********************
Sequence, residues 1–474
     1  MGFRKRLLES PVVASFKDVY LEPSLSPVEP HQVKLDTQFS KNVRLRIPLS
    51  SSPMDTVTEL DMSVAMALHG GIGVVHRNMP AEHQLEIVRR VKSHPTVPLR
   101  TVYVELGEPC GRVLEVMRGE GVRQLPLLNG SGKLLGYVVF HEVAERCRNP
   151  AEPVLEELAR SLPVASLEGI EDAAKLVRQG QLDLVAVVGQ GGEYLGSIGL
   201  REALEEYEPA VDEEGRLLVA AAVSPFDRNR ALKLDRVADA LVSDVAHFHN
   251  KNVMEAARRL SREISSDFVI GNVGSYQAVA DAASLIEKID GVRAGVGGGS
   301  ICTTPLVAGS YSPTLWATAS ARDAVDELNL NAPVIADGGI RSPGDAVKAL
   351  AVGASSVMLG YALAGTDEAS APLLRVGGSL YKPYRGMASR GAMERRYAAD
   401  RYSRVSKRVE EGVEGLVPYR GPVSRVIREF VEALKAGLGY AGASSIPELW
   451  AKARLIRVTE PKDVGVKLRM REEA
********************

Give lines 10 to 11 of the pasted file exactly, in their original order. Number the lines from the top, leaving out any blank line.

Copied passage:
   401  RYSRVSKRVE EGVEGLVPYR GPVSRVIREF VEALKAGLGY AGASSIPELW
   451  AKARLIRVTE PKDVGVKLRM REEA